Moreover, I just made you use your episodic memory.
As for dogs, this type of recollection is a little bit controversial.
There’s no hard proof that they can perform the short exercise that I made you do.
That’s why, according to AKC, scientists are arguing about this. They say if dogs can have strong episodic memories, they’re self-aware creatures.
And let me tell you, it’s a long debate…
As of now, this research tells us that dogs can remember, but only for a while.
They tested using the “Do as I do” challenge. Results show that:
The subject dogs were able to recreate actions within 10 minutes. And they’re able to do so even after a few distractions.
However, their demonstration of new actions is delayed. However, they’re still able to repeat the movement.
Now, if you relate this type of memory with the scent, the point is going to be:
If dogs use episodic memory to remember your scent, then they’re more aware than you thought…
And it’s unfortunate that as of now, there’s no clear conclusion in this area…
But when there is, I’ll definitely get back at ya…
How long can a dog remember a person’s scent?
A dog can remember a person’s scent for as long as they can. That’s the most straightforward answer to that question. It’s because canines will always remember an associated scent with a person.
As I said, dogs use association when it comes to remembering any smell.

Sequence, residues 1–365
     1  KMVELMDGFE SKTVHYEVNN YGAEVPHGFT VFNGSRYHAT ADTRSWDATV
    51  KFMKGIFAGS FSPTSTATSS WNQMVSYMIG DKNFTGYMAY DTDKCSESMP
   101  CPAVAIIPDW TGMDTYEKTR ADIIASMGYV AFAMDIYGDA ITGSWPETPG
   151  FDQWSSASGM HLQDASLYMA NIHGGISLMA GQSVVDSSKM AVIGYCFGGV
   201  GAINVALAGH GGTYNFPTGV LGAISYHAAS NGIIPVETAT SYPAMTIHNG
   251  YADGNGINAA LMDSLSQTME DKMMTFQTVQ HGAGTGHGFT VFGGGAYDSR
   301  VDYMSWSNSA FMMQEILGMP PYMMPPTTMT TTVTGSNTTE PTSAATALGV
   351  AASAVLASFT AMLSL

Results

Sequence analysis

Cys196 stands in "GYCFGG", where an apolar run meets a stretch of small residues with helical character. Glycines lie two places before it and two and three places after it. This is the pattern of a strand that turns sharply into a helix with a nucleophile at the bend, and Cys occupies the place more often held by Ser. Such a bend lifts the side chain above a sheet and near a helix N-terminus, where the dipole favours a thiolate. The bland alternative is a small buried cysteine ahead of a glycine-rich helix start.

Moreover, such a phenomenon doesn’t have an expiry…
Once your dog has linked your smell with the many experiences you face with them…
Aww, guaranteed they’re going to remember what you smell like forever.
There are many dog parent testaments that vary. All they have in common is that their dogs remembered who they are through their smell…
And many experience it after many years of separation from their pooch.
Just take a look at this compilation/ It’s videos of happy dogs who remember their parents after years of time apart.
Moreover, VCA Hospitals assure us that dogs have excellent scent memory.
In fact, they can identify a dog that they haven’t encountered for years…
Moreover, dogs smell differently from each other.
And you know what? That’s also the case for humans.
Fun fact: Research tells us that a human’s smell is as unique as their fingerprint. That’s why they coined a name for it: odorprints.
With that uniqueness and a dog’s fantastic scent memory…
It’s not likely that they’re going to forget your scent and what you made them feel.
Do dogs always remember your scent?
Dogs will always remember your scent. That’s where most experts’ opinions point out. With that, you can expect your pooch to always know how you smell.
Like I’ve been saying, canines make use of their associative memory.
Such makes them remember people and events based on connecting things together.
Let me give you this example to explain further:
You’re going to walk your dog…
So, you grab their leash from where it hangs…
When you see Fido on your side, their tail can’t help but to wag. Plus, there’s also a big smile plastered on their face.
It makes you wonder because you haven’t said a thing about walking them…
Well, the point is that you don’t have to.
The moment that you grabbed their leash from the hook, your fur baby already knows.
That’s because, for them, this is the equation:
Removing leash from the hook = Walk!
Now, that’s how a dog’s brain connects things with each other.
So, if it’s your smell they’ll associate with something, the formula is:
Hooman (you) = Love